Dr. Carmeliet is an elected member of the German Academy Sciences Leopoldina, Dutch Royal Academy of Sciences, EU Academy of Sciences, and European Molecular Biology Organization. Dr. Carmeliet is a Professor at VIB-KU Leuven, which has ranked number one for many years in Europe in terms of innovation. KU Leuven was founded in 1425 and is one of the oldest and most prestigious universities in the world. Dr. Carmeliet has published more than 646 publications (94 IF>20, 243 IF>10, h-index 126) till March 2018, and is ranked by Science Match as top eight most cited authors in General Biomedicine. Dr. Carmeliet is on the editorial board of Cancer Cell, was a consulting editor for Science, and has more than 72 patents. Based on Dr. Carmeliet’s research, several biocompanies have been founded and clinical trials have been launched. 

Dr. Xuri Li is the Scientific Director of the State Key Laboratory of Ophthalmology at the Zhongshan Ophthalmic Center (ZOC), Sun Yat-Sen University in Guangzhou, China. Dr. Li is also a special expert of the Chinese governmental 1000-Program. Before joining ZOC, Dr. Li served as a Principal Investigator at the National Institutes of Health, National Eye Institute in the US during 2005-2012. SKLO is the only one of its kind in China and is supported by the central Chinese government. ZOC is the all-time number one eye hospital in China. SKLO and ZOC constitute the largest eye care and research center in the world. SYSU is the 5th top-ranked university in China and the 2nd in terms of campus area. 

 

References  

1 Li, X. & Carmeliet, P. Targeting angiogenic metabolism in disease. Science 359, 1335-1336, (2018).  

2 Carmeliet, P., Li, X., Treps, L., Conradi, L. C. & Loges, S. RAISEing VEGF-D's importance as predictive biomarker for ramucirumab in metastatic colorectal cancer patients. Ann Oncol, Jan. 19, (2018).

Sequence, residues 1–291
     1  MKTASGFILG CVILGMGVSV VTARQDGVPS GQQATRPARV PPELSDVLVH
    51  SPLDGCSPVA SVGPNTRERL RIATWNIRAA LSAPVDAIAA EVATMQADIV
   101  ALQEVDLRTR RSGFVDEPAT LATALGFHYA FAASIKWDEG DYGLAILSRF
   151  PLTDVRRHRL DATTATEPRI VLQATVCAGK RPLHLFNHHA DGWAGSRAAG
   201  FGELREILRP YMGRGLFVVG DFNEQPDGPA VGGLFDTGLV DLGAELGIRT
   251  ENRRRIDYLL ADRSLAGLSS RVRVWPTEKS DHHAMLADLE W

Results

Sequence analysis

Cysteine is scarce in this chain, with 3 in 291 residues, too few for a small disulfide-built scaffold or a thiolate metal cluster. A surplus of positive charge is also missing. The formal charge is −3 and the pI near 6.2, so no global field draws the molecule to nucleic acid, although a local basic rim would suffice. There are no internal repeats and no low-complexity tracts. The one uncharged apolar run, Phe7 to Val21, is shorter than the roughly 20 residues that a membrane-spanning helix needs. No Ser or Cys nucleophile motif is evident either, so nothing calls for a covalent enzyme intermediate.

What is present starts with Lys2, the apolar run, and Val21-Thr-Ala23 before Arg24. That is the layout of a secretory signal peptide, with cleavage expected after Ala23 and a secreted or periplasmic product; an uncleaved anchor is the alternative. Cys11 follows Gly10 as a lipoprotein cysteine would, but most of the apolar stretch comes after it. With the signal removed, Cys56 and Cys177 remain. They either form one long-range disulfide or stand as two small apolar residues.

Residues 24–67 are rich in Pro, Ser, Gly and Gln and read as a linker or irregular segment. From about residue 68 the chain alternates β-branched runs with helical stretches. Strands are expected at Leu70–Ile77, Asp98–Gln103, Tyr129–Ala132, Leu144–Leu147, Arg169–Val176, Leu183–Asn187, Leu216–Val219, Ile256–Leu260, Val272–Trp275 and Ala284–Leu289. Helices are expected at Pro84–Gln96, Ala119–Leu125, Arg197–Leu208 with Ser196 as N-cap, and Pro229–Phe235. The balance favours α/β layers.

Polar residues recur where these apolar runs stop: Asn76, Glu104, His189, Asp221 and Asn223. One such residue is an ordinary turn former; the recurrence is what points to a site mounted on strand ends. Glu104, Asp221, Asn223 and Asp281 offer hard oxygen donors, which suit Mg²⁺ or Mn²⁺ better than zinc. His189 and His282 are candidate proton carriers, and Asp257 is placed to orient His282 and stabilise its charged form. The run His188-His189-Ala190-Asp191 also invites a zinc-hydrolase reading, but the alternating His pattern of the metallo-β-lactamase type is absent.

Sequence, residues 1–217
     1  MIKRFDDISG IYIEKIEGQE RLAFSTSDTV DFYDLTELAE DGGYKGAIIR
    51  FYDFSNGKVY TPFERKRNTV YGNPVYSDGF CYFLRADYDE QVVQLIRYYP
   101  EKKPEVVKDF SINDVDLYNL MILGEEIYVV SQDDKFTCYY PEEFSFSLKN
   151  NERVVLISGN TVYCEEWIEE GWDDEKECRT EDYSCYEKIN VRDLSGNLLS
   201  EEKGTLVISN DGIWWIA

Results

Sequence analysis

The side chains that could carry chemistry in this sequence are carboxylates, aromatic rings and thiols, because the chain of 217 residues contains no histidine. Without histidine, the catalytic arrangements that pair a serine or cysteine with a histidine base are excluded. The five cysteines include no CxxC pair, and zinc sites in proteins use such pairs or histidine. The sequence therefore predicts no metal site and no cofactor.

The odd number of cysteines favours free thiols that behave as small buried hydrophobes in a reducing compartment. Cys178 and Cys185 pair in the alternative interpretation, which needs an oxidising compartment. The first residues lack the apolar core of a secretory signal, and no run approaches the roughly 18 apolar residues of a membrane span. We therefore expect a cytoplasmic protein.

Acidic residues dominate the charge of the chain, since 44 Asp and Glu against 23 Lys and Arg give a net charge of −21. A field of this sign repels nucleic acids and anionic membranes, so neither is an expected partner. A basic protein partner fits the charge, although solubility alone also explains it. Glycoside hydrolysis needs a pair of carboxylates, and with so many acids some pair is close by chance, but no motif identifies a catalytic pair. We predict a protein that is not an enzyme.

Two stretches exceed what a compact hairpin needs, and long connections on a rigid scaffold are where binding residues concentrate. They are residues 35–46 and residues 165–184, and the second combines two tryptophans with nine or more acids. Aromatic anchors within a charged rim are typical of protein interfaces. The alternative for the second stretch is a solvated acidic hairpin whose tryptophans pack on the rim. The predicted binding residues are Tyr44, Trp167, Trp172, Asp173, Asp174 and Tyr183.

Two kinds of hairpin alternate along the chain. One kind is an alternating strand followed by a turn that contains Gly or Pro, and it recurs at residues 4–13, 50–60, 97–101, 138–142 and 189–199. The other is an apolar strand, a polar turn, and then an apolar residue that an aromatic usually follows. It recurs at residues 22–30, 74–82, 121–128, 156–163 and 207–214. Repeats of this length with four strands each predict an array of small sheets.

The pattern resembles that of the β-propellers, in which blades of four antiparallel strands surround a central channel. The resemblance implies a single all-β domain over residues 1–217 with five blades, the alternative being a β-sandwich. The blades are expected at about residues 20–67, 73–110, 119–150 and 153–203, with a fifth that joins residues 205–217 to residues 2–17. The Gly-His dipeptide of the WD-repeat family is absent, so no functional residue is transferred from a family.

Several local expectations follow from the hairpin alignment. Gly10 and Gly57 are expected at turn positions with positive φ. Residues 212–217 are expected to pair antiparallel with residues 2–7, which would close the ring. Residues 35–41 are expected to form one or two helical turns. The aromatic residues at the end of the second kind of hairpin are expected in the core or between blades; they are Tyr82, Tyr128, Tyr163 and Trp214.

3 Wong, B. W. et al. The role of fatty acid beta-oxidation in lymphangiogenesis. Nature 542, 49-54, (2017).  

4 Cantelmo, A. R. et al. Inhibition of the Glycolytic Activator PFKFB3 in Endothelium Induces Tumor Vessel Normalization, Impairs Metastasis, and Improves Chemotherapy. Cancer Cell 30, 968-985, (2016).  

5 Quaegebeur, A. et al. Deletion or Inhibition of the Oxygen Sensor PHD1 Protects against Ischemic Stroke via Reprogramming of Neuronal Metabolism. Cell Metabolism 23, 280-291, (2016).  

6 Rafii, S. & Carmeliet, P. VEGF-B Improves Metabolic Health through Vascular Pruning of Fat. Cell Metabolism 23, 571-573, (2016).  

7 Schoors, S. et al. Fatty acid carbon is essential for dNTP synthesis in ECs. Nature 520, 192-197, (2015).  

8 Ghesquiere, B., Wong, B. W., Kuchnio, A. & Carmeliet, P. Metabolism of stromal and immune cells in health and disease. Nature 511, 167-176, (2014).  

9 Schoors, S. et al. Partial and transient reduction of glycolysis by PFKFB3 blockade reduces pathological angiogenesis. Cell Metabolism 19, 37-48, (2014).  

10 De Bock, K., Georgiadou, M. & Carmeliet, P. Role of EC Metabolism in Vessel Sprouting. Cell Metabolism, (2013).  

11 De Bock, K. et al. Role of PFKFB3-Driven Glycolysis in Vessel Sprouting. Cell 154, 651-663, (2013).